Sunday, December 11, 2011

Nurses in Viet Nam, They Served Too

(C) James J Alonzo

I Had hired on with the Donner – Hanna Coke Corporation as Director of Security, my job was to protect the facility and 1,000 employees of a Coke Manufacturing plant. My security officers were well trained in weapons, certified first aid, trained Emergency Medical Technicians, and trained Firemen.

In 1975, a few years after my service in Vietnam. I received a call one afternoon from one of my company employees saying he had chest pains. He said he was feeling very ill. I and my partner Phillip Taylor, went to the site in the plant, stabilized the employee and transported him to the hospital in our company ambulance.

A nurse met us at the Emergency room door of Erie County Medical Center and took us immediately into the ER. Over the next couple of hours, the employee was examined by a doctor, given nitro medication, x-ray, and blood tests. Afterward, a nurse approached me and said,

“Sir, He will have to stay and be tested for a few hours or so to make sure he didn’t have any heart attack, and depending on what they find, he may likely will have to stay overnight.

“ Thank you," i responded, "I‘ll hang around for a while”.

I would of left but my partner decided to take another nurse he knew to the cafeteria for coffee, so I was stuck there till he got back. The Nurse I was speaking too, named Joan, must have noticed I had pipe and smoking tobacco in my shirt pocket and asked,

"You have a light?" waving a cigarette at me.

“ You want to go outside with me and have a smoke?”

“Sure,” she said with a smile, “You seem safe.”

So we went out on a private patio like area reserved for doctors and nurses. We introduced ourselves, her name being Joan, as she pulled a smoke out, and I lit her cigarette, and later my pipe.

As we were smoking and speaking small talk for a few minutes, our conversation was interrupted, when I heard the approaching "Life Flight" helicopter approaching from a distance, bringing a critical emergency patient.

We both stopped speaking, as the chopper got closer, and as it started it’s approach to land on the Hospital roof. I noticed Joan puffing on her cigarette as though she was in a hurry. Shortly after she stubbed that cigarette out she wanted me to light another smoke, becoming very fidgety and agitated. As the chopper settled onto the helipad,  noticed a haze coming over her eyes.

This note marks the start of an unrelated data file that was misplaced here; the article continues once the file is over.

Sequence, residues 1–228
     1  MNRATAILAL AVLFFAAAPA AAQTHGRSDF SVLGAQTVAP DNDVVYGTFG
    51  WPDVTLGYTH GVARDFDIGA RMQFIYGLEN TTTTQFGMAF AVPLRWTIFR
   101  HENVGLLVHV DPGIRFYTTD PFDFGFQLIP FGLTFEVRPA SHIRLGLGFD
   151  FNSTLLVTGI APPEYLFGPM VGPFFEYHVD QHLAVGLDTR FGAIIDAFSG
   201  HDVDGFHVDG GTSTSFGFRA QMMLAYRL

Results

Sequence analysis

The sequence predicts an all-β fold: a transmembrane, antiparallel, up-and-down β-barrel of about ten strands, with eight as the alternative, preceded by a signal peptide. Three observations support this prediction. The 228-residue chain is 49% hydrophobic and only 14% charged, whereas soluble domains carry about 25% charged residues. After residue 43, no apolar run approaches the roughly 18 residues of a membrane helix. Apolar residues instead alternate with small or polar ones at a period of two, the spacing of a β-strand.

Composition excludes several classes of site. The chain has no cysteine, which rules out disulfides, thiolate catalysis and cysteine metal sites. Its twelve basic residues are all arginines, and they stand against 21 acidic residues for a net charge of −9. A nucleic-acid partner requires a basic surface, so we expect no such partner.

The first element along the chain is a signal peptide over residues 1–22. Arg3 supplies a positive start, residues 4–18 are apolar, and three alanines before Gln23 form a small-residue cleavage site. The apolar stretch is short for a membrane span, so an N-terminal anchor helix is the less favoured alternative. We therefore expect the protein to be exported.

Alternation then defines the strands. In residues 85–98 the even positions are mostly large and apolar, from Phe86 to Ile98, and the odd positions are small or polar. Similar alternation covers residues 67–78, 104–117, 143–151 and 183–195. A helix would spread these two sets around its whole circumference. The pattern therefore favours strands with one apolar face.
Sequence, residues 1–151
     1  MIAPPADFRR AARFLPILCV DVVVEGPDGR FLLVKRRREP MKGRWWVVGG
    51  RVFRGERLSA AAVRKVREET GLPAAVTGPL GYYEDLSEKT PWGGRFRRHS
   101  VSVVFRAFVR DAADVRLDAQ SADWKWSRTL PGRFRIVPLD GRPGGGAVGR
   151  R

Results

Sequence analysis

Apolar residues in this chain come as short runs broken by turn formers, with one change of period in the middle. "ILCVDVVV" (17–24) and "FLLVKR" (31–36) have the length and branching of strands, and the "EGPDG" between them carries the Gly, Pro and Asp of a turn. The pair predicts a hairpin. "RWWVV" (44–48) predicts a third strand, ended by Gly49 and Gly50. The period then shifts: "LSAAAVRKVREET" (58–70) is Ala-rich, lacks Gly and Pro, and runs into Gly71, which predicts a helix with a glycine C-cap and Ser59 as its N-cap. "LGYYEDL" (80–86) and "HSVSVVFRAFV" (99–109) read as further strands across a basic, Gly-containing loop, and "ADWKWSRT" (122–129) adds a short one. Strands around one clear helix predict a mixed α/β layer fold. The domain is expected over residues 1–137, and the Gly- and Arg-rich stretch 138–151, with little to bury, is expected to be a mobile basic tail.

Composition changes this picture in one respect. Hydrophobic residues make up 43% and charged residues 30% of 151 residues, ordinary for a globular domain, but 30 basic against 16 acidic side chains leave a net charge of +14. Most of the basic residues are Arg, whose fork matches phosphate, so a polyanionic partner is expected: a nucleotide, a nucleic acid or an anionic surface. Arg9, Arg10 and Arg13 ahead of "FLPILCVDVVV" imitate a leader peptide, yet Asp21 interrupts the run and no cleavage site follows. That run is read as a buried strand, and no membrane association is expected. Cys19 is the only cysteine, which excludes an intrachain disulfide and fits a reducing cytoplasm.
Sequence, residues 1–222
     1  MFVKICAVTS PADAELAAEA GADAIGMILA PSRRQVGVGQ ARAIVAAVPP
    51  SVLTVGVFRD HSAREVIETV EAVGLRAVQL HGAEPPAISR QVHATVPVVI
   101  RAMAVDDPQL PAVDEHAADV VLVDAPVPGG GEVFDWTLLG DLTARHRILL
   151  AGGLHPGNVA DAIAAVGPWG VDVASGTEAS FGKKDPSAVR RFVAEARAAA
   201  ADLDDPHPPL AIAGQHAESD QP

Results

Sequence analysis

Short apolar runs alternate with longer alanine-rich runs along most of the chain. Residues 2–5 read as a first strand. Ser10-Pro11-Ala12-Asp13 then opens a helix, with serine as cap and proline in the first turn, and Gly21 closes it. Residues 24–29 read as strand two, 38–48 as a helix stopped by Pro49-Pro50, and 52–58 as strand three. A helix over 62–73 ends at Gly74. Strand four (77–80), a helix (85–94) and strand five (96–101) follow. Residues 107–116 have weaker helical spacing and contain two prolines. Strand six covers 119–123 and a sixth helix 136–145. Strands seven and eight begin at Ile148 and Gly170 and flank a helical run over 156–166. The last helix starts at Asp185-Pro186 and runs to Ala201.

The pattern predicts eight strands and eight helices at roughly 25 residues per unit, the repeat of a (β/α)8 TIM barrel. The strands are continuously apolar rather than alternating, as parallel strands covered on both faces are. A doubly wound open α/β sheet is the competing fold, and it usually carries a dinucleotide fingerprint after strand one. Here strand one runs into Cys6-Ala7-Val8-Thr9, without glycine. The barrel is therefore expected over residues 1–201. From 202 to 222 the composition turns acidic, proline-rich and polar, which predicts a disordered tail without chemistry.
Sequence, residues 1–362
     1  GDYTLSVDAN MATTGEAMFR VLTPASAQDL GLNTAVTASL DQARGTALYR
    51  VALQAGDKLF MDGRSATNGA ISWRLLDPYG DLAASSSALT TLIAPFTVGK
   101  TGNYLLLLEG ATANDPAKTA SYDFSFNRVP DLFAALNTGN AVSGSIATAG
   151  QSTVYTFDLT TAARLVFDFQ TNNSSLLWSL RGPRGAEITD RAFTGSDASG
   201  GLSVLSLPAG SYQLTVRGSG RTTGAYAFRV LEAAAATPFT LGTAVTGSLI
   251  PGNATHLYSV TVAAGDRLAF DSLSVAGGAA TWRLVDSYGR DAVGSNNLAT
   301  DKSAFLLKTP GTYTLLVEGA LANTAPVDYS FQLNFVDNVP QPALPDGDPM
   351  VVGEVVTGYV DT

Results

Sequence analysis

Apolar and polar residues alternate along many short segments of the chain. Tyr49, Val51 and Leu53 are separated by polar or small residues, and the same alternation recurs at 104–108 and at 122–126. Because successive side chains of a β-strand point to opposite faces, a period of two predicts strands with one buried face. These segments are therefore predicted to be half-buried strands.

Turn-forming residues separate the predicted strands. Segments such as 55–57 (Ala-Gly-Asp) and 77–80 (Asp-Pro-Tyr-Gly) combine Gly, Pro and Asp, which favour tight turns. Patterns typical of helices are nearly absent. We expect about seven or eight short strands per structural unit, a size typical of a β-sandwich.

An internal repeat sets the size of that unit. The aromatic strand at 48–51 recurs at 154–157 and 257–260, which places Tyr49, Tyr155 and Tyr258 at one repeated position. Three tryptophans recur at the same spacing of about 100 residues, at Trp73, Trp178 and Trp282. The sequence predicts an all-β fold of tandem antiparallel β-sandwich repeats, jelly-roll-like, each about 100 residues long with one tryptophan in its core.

As I stepped around in front of her to see better I recognized the look as the “1000 yard stare”. I had seen “the stare” many times, in Viet Nam, and in other veteran‘s eyes.

After about 5 seconds she noticed me staring. She was embarrassed and started to apologize.

“No need for that”, I said . “I bet you were a nurse in Nam?”

“Is it that noticeable?” She asked.

“Yes, it is, I have seen it before.”

Joan smiled at me, relaxed, leaned her back against the wall, pulled another smoke out, and I lit it for her as she spoke,

“ I was in Viet Nam at Plieku last part of my tour," she spoke as though she were confessing her sins, "My first part of my tour was at a Medivac hospital, in 1967 and 1968. I had done time on the hospital ship USS Good Hope and also time in the Navy hospital in Da Nang. I saw and treated so many maimed bodies and dying soldiers, and it had really gotten to me! I still have nightmares, and flashbacks. The helicopters arriving at the hospitals, the noise of the rotors always preceded the carnage. So now when I am working here, the wop – wop of the blades of the Life Flight helicopter (vintage UH1E, Hueys) at close range always brings back those memories!”

“I know," I replied, " Some shrinks call it flashbacks“

“When I got back home“, She continued, “I didn’t want to do nursing anymore, but my priest talked me into continuing my nursing career, and now even though it’s difficult at times, I am glad I did.”

We remained there for some time after that, not even speaking, just being in each others presence, and our own thoughts.

After all these years, I don’t even remember what Joan the nurse looked like but the point of this story is “They served too”. Lets us not forget those wonderful women who done their time in Vietnam. Many a soldier who lay dying, the nurse was the last thing he saw. The smile of a combat nurse, the caress of a warm hand, a touch on the cheek or some kind words may have been the last thing they remembered.

Nurses in war, suffer the same as combat veterans

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